Perhaps dreams are beginnings of recovering the memory of our destiny. They are guides along our journey, not the destination. Dreams come and go. Dreams display our emotions (spirits), including joy, fear, love, anger, and desire. They are not all pleasant, but they always teach us about ourselves. If we ignore them, we miss an opportunity for growth; if we fixate on them, we can lose touch with reality — and miss the message entirely.

    So for me it is helpful to think in terms of living out my destiny, with dreams as spirit guides.

    • Andrew Zahn

      I like the word ‘destiny’ as well… and a lot of what you said about recovering what was/is there Daryl.

      I really appreciate your perspective and insight! Thanks for stopping by!

  • Great post, Andrew. I don’t have any definitions to provide at this point, but I have noticed that I have been a passive dreamer as opposed to an active dreamer as of late, and it has been very frustrating. But now that I know *what* has shifted, I can get back onto the right track. Thanks!

    • Andrew Zahn

      Cool beans Michelle!

      Make it happen.

  • I like to think of my dreams, in the sense of what I want to do with my life, more as glimpses of the future rather than a nice fantasy. Those desires are God’s way of showing me who He has created me to be and giving me something to aim towards.

    • Andrew Zahn

      I like that idea … that dreams are “glimpses of the future.” That makes them more real.

  • Love this Andrew. You always force us out of what’s comfortable in your exercises. Awesome.
    For me, it’s this:
    Dream: The idea that keeps you going when you don’t want to, serving both as the destination, as well as the mode of transportation to get you there.

    • Andrew Zahn

      A dream is a vehicle to carry your destiny then?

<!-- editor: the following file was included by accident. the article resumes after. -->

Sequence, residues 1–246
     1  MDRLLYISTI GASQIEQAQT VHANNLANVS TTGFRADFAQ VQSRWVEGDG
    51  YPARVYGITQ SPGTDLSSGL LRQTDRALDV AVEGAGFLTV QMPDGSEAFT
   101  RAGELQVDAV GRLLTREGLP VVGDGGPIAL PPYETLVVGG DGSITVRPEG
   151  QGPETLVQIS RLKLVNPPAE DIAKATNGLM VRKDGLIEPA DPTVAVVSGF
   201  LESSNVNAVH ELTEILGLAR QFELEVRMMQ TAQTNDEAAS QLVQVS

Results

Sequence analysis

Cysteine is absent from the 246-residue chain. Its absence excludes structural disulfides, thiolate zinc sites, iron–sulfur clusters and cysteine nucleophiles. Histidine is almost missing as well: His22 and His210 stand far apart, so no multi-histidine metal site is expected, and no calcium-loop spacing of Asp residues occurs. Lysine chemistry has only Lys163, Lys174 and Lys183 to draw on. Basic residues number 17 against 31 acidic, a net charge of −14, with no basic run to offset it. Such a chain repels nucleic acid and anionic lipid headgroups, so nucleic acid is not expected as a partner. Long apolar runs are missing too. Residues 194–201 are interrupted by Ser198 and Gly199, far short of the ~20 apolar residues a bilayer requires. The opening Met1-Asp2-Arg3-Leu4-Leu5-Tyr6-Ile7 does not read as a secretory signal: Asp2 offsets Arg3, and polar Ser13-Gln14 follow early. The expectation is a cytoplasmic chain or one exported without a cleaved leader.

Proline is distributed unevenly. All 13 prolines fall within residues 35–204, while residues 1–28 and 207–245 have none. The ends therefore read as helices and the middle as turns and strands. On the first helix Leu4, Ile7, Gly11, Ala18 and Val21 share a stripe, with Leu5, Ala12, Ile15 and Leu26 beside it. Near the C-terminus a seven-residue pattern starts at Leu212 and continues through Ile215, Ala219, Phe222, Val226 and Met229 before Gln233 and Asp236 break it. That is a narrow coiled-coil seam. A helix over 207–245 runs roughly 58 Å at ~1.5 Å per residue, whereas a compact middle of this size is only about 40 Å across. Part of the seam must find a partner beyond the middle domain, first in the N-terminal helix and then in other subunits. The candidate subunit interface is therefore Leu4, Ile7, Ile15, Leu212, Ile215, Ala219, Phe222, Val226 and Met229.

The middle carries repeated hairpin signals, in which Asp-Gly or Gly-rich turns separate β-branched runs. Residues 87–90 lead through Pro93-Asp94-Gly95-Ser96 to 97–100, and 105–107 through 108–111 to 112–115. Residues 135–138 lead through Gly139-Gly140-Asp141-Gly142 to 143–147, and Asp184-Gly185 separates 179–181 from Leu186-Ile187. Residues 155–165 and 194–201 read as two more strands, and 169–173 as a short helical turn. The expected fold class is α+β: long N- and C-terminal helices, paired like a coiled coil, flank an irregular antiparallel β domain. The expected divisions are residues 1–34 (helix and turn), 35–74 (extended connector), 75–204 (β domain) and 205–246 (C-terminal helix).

I think an illustrator could make a cool graphic from this idea that you presented Scott!

  • Yes, yes, YES.

    I would define “dreamer” as a state of being, the intersection between vision and execution.

    Or, I would just use this film clip as an illustration: http://www.youtube.com/watch?v=SqTZvVBnIjc. Just kidding. 🙂

    • Andrew Zahn

      Ha! Thanks for the video clip Todd! Love those actors.

  • I like aspects of the second and third dictionary definitions of the word “dreamer”: Unaware of immediate surroundings; a cherished aspiration. Dreaming involves a level of mindfulness yet detachment from the mundane. If combined with the motivation to act, dreaming=creating.

    You write in such an organized, readable way, Andrew, and end with a call to action that compels us to respond. I don’t know if it comes naturally to you or if you have to work at it, but it comes across as effortless. I say this because I have such a stream-of-consciousness style myself, and given topics like the one you chose today, I could easily ramble on like a dreamer and never really provide my readers with anything to sink their teeth into.

    • Andrew Zahn

      I do have to work at writing in an organized fashion… but (as with anything) the more I do it, the easier it becomes.

      I like the ‘intentional mindlessness’ concept. Couple that with acting on those dreams and we get those dreams done!

  • Melissa

    Andrew!!! Great post. As a dreamer who has seen so many of my dreams come true…and not come true…I would say that when it comes to the topic, I have lived most of my life like all of my dreams are meant to come true. Living that way has fueled that reality in my life…so many dreams coming true! It has also generated a good amount of opportunity for me to overcome disillusionment and disappointment. Some have given up dreaming and have little hope that they have a destiny because of disillusionment/disappointment and their lack of knowing how to deal with it…I am working through that in this very season. Its intense, but I am inspired when I remember people like Dr. Martin Luther King Jr. or William Wilberforce. They had a dream – and they gave their life to it…I have to say, that is the dream I am after! One I can give my life to…one that is worth dying for…those are my favorite! I don’t even know if this is the kind of thing you are looking for, but there is my contribution. Before you “do” you must “dream” 🙂

  • Great post and topic.

    I think I would define dreams as a desired future of the things that could and might be.